Yankees Postgame Notebook: Pineda almost perfect in Yankees' rout of Rays
NEW YORK - Monday morning, Yankees manager Joe Girardi was specifically asked whether or not Michael Pineda could rise to the occasion of pitching the home opener. His answer was basically "I hope so," but after Pineda was perfect through 6 2/3 innings and lasted 7 2/3 innings total in the Yankees' 8-1 win over the Rays, his thoughts were much more concrete.
"I was thinking it was going to be another special day here at the Stadium. And obviously he pitched really well today," Girardi said. "It has to be extremely satisfying for him, because he didn't pitch well his first start against the Rays."
Big Mike indeed went just 3 2/3 innings against the Rays last Wednesday, but this time, Pineda was perfect into the seventh inning, retiring the first 20 batters he faced - 10 via strikeout - before Evan Longoria's two-out double ended the dream.
"After the fourth, I looked at the scoreboard and saw what was happening, but I wasn't thinking about it. I was just thinking about having a good outing and giving my team the opportunity to win," Pineda said. "I was focusing on getting quick outs, so I was just going hitter by hitter and inning by inning."
"His stuff was really good, and I thought he had a shot (at a no-hitter)," Girardi added.
Pineda "recovered" with his 11th and final strikeout, fanning Brad Miller to end the frame, and then got two outs in the seventh around Logan Morrison's solo home run, which was only called as such after a 69-second review. A 5-3 groundout and a nice play by Chase Headley ended Big Mike's day right after that, giving him a line of one run on two hits, with 11 K's, in 7 2/3 innings, and 67 of his 93 pitches for strikes.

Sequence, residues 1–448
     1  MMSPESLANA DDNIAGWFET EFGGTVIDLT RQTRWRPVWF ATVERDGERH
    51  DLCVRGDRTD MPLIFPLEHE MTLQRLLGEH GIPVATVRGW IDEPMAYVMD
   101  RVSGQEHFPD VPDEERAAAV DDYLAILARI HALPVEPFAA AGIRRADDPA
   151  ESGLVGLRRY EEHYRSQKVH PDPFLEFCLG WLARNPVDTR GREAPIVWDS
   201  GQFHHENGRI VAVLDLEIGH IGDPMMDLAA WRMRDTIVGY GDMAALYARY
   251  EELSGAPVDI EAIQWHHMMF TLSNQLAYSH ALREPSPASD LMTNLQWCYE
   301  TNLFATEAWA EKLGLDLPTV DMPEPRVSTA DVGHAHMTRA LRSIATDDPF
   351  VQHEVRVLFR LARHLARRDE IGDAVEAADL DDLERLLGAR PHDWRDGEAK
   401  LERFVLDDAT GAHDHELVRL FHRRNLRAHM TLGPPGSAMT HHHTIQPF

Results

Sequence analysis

"I think Michael and (Austin Romine) executed a really great game plan," Girardi said. "I think Michael mixed his pitches - he threw a lot more changeups today - and had better command, and I thought his slider was more consistent today."
Added Pineda: "I think my location was good today, and I was executing all my pitches, especially my changeup; I felt good with it in the bullpen and could see the action it had, so I said to myself that it was going to be the good pitch today and I went out and threw it more."
Offensively, Brett Gardner had another strong day, scoring the Yankees first run after reaching base on a strikeout/wild pitch and scampering home on Jacoby Ellsbury's double, and he led off the Yankees' monster eighth by reaching on an error, stealing two bases, and scoring on Matt Holliday's double.
"I'm extremely pleased. I talked to him this spring, and basically, I told him that I don't care how he gets to each base, but his job is to score 100 runs," Girardi said. "He's run a lot, he's swung the bat extremely well, and he's played defense extremely well, so he's off to a great start."